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UK Caravanning (uk.rec.caravanning) A forum for the discussion of caravanning undertaken by residents of the United Kingdom, whether in the UK or abroad. It encourages the interchange of views on the merits of models of caravan, makes of tow car, accessories, caravan sites, caravan clubs, and other related topics. The term caravan is to include trailer vans, motor caravans and trailer tents.

mains hook up question



 
 
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  #1 (permalink)  
Old July 8th 05, 02:51 PM posted to uk.rec.caravanning
Dudley Simons
external usenet poster
 
Posts: 45
Default mains hook up question

Hi All

I am currently a camper but lurk around this group intermittantly,
gleaning information about caravaning (my wife is keen to try it out but
is under the impression that a couple of hundred quid will buy a ready
to use 4 berth van and doesn't believe damp, delaminating floors and
water leaks actually exist!)

I'd guess that good sound vans do come up very cheap from time to time
but unless you are a caravanner or know someone who is selling such a
van how would you know - you don't see many adverts that say "the reason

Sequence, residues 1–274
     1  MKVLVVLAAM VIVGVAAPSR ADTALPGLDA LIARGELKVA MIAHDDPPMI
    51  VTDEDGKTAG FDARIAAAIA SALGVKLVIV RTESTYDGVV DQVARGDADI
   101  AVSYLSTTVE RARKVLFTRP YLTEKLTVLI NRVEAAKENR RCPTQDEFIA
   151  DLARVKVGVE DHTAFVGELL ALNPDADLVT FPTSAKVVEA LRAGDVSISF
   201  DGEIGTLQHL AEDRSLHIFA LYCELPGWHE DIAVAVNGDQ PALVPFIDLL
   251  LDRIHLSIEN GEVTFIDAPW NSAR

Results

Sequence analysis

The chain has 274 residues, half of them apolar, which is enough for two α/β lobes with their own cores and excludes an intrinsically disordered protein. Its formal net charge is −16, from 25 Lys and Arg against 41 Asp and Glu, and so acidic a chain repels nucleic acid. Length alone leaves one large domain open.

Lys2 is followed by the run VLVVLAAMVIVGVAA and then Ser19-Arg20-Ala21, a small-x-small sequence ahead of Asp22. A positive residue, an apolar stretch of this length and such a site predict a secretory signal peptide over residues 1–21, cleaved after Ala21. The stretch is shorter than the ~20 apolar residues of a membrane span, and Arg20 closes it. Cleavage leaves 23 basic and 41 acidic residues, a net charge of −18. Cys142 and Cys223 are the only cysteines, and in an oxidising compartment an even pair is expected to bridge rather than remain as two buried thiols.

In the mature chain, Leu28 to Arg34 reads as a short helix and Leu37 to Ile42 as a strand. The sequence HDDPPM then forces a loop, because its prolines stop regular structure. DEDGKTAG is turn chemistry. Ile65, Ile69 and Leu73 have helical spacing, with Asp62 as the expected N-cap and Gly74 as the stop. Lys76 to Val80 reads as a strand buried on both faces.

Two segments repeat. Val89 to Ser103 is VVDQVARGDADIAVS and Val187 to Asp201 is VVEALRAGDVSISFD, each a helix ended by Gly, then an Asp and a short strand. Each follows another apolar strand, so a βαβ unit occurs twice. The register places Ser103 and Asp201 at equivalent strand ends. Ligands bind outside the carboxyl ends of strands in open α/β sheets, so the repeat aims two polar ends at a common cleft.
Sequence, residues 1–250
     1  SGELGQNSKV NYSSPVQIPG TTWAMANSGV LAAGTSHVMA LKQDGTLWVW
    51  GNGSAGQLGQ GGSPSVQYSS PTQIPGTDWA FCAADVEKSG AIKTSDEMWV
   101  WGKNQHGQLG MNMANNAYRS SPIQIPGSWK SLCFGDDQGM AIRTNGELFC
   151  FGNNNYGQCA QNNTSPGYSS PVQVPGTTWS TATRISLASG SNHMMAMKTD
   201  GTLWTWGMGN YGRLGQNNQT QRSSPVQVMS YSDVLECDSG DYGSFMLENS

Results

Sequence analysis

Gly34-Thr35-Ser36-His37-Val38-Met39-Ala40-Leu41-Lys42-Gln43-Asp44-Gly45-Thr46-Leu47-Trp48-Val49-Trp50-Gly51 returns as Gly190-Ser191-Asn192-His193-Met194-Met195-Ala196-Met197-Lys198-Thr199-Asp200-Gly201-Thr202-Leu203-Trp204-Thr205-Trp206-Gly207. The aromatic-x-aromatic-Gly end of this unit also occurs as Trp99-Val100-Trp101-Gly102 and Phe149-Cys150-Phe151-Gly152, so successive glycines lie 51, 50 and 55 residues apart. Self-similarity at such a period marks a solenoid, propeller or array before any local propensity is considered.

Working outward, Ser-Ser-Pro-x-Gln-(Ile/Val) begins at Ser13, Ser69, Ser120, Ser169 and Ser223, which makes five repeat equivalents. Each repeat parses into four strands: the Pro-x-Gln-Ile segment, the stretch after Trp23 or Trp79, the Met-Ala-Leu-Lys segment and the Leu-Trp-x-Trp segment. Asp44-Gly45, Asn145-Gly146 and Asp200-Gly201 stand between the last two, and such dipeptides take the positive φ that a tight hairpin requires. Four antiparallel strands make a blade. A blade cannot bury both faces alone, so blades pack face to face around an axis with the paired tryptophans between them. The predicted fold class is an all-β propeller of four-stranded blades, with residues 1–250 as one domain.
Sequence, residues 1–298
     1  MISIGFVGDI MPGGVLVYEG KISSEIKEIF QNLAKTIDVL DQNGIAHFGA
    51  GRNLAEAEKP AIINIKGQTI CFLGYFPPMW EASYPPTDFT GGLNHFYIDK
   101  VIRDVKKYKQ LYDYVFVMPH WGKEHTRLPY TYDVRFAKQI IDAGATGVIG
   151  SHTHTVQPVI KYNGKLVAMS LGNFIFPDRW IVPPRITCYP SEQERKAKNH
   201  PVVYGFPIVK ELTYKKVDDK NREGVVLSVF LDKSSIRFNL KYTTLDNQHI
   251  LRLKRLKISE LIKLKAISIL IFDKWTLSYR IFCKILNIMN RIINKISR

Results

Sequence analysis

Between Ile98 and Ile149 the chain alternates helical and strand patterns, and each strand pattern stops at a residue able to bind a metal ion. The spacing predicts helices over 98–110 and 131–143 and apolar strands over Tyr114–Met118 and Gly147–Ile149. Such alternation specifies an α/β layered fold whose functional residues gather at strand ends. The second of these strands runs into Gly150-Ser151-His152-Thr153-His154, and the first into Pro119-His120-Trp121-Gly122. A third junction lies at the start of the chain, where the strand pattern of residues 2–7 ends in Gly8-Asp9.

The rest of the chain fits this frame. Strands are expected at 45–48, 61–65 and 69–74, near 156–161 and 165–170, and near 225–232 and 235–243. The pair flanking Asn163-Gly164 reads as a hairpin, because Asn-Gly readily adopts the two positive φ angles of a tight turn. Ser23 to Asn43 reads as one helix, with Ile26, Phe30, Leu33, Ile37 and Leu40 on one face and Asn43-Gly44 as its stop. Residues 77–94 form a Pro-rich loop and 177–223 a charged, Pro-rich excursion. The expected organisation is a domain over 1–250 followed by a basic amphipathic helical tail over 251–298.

this 20 year old van currently doesn't smell of damp is because we have
stored it under dust sheets in a dry barn for 3 months and will get it
onto our drive by the time you come to view it" or "with any luck the
thick new carpet we have put in will disguise the spring in the
delaminating floor". The ads always claim that the van is in
exceptional condition for its age and has never let them down.

I appear to be rambling!

Given the knowledge here and that the camping newsgroups tend to be
frequented by camping purists I have delurked and come here for some help!

I appreciate that many vans now have built in protection devices and
systems etc but there must still be plenty of people using 'old technology'.

I have been contemplating the luxury of having an electric hook up -
never had one before, I like the idea of being able to a leave a low
powered light (on a dimmer switch) on all night so my 6 year old son
doesn't throw a wobbly if he wakes up in the night and finds himself in
unfamiliar surroundings (like he did every night last year)

Also it would mean that we can have a light on in the evening and enjoy
the luxury of reading a paper or a book when he has gone to bed. We
found that the noise of the camping gaz lights was really irritatinglate
at night when the whole site is quiet. The prospect of being able to
run a powered coolbox or maybe pick up an Electrolux fridge and be able
to sit and drink cold guiness of an evening has not entered into the
equation at all, well not much anyway )


Question is - whats the deal with the various types of hook ups that I
see on ebay etc?